A HUNTER group wants an investigation into the deaths of more than 30 former Catholic high school students by suicide, drug overdoses or possible suicide, because of links to known or alleged child sex offenders.
A list with more than 30 names – all male – of boys, teenagers and men has been compiled for a submission to the Royal Commission into Institutional Responses to Child Sexual Abuse, with the youngest aged just 13 when he took his life in his bedroom, and the most recent suicide early last year.
The list includes three former St Pius X, Adamstown, brothers in the one family who died of suicide and drug-related deaths, and two brothers from another Catholic Hunter family who took their own lives aged 16 and 22.
It also includes the names of three students who were in the same year at a Hunter Catholic high school during a period when men who had regular contact with the school went on to be charged with child sex offences years later.
One of the three students was 13 when he died in 1974, the second drove a car over a cliff in 1977 aged 16, and the third died after an incident at Merewether in the 1980s, when he was in his early 20s.
The list also includes two former Hunter Catholic high school students who took their lives aged 15 and 16; a former altar boy whose family was devastated when he took his life in 2006 after an adolescence that included convictions for break-ins or attacks on churches; and a 19-year-old who died in a car crash in 1984, and whose parents were shattered years later when former St Pius X students revealed he told them he had been sexually abused by John Denham.
The list includes the suicide of a man in 2008 after indications he was sexually abused by a priest as a child, and the 2010 death of another former St Pius X student whose teachers included Denham, a child sex offender priest.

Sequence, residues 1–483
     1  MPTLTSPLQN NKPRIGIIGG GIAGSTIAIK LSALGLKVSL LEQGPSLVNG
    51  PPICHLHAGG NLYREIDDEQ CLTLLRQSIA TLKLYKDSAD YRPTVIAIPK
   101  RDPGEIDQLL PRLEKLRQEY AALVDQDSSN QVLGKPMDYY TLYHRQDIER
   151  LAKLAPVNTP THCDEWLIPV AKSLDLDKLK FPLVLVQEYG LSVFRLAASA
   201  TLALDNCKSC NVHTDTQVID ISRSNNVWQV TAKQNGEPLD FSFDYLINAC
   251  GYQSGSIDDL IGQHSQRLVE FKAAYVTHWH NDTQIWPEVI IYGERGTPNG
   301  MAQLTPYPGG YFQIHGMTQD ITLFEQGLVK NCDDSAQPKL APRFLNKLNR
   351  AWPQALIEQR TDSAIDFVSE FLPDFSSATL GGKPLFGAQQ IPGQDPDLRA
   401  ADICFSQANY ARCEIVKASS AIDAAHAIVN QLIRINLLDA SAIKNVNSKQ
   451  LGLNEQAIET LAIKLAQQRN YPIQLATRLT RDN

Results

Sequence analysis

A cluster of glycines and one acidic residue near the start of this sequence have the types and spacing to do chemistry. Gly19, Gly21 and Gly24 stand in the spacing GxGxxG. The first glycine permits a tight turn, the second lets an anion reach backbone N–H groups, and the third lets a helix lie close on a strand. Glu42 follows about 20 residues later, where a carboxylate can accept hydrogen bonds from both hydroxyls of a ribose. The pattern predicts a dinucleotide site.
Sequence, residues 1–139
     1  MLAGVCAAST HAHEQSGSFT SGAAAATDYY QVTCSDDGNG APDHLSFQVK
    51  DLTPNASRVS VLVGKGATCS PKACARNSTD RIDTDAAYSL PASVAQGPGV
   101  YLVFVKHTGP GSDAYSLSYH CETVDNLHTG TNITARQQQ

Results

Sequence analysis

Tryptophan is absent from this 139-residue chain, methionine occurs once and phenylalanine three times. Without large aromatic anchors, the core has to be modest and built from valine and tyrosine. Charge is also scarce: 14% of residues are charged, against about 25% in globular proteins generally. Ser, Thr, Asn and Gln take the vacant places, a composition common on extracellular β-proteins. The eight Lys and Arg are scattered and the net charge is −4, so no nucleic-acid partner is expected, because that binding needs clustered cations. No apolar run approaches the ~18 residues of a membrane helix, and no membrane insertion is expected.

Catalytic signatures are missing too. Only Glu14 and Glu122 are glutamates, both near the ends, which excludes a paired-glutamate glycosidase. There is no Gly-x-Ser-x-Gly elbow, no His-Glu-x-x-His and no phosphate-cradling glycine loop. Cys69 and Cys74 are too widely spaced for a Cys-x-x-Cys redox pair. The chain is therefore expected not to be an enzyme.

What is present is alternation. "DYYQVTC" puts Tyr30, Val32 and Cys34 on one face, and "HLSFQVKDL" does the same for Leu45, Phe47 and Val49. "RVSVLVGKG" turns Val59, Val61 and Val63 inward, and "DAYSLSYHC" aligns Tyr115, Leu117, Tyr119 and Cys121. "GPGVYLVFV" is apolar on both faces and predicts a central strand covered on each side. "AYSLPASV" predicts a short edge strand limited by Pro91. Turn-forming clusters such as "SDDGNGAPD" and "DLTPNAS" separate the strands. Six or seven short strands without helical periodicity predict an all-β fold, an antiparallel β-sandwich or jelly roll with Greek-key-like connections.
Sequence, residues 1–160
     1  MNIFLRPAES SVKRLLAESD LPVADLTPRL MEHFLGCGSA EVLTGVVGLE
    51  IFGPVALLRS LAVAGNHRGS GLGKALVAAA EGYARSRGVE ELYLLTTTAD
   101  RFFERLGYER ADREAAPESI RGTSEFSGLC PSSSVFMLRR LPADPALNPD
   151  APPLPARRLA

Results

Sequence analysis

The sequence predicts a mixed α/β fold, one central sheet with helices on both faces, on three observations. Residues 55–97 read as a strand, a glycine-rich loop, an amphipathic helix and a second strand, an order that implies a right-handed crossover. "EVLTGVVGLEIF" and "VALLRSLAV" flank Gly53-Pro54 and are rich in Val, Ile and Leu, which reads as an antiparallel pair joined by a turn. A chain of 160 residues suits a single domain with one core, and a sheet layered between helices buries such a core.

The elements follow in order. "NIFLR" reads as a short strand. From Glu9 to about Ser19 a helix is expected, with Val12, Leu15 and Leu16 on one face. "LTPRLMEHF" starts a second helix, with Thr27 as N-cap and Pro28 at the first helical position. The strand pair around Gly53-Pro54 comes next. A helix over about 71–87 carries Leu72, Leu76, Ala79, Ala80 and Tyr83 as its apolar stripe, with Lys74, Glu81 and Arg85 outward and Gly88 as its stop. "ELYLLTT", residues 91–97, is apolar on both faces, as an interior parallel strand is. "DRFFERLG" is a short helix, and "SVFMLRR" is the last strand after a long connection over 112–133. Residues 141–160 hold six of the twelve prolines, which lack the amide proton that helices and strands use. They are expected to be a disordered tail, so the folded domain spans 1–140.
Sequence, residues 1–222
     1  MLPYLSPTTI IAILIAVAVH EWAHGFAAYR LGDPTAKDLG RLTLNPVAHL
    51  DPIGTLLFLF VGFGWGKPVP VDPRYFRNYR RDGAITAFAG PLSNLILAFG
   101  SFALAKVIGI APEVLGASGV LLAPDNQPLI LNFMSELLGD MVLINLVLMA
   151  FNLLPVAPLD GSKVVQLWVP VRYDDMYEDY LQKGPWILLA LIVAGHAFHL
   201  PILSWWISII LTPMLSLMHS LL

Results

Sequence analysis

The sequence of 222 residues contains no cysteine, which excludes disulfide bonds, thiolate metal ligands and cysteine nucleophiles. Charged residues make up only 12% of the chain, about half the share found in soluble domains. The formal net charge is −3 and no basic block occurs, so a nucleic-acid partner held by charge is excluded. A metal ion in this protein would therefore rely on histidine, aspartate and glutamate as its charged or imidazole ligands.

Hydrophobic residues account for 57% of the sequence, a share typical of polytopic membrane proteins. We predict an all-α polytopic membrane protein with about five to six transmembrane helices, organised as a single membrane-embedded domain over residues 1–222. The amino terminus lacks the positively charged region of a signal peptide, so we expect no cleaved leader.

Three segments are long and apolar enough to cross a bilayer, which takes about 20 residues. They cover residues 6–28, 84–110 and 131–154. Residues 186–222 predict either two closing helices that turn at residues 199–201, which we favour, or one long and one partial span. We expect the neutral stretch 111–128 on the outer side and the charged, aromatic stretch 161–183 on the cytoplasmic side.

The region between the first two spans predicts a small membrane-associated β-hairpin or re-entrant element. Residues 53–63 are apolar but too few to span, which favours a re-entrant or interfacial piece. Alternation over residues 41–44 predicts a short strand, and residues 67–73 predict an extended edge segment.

The man took his life at Charlestown only days before starting work as a teacher following a mature age change of occupation. He refused to talk about Denham to his wife, and said he had hated the school.
The list includes the suicide in July 2012 of Belmont North fireman John Pirona, a victim of Denham’s whose death launched the Herald’s Shine the Light campaign for a royal commission.
The list’s co-ordinator and group spokesman, Bob O’Toole, who was sexually abused by Marist Brother Leon Mackey at Marist Brothers, Hamilton, in 1955, at the age of 10, said an investigation was needed because in many cases boys, teenagers and men had died and devastated families had not known why.
In too many cases false or misleading explanations were circulated after their deaths, or the boys, teenagers and men had troubled histories involving drugs, alcohol and crime in the period before their deaths, which caused families to retreat into silence after they died, Mr O’Toole said.
‘‘The wider Catholic community needs to be informed of the tragedies that we believe have been perpetrated by clergy and religious [teachers], and the victims who did not survive,’’ he said.
‘‘There are too many cases of boys and teenagers dying at an extremely young age at a time when we didn’t know what we now know, or men dying years later after sad and sometimes lonely lives.
‘‘We’re not saying we know that all the people on the list were sexually abused by clergy or religious [teachers], and possibly we’ll never be able to say for sure.
‘‘But while the royal commission is investigating issues raised by survivors of institutional child sexual abuse, we have a responsibility to search for answers for those who can no longer speak for themselves.’’
To contact the group email bob.otoole39@big pond.com
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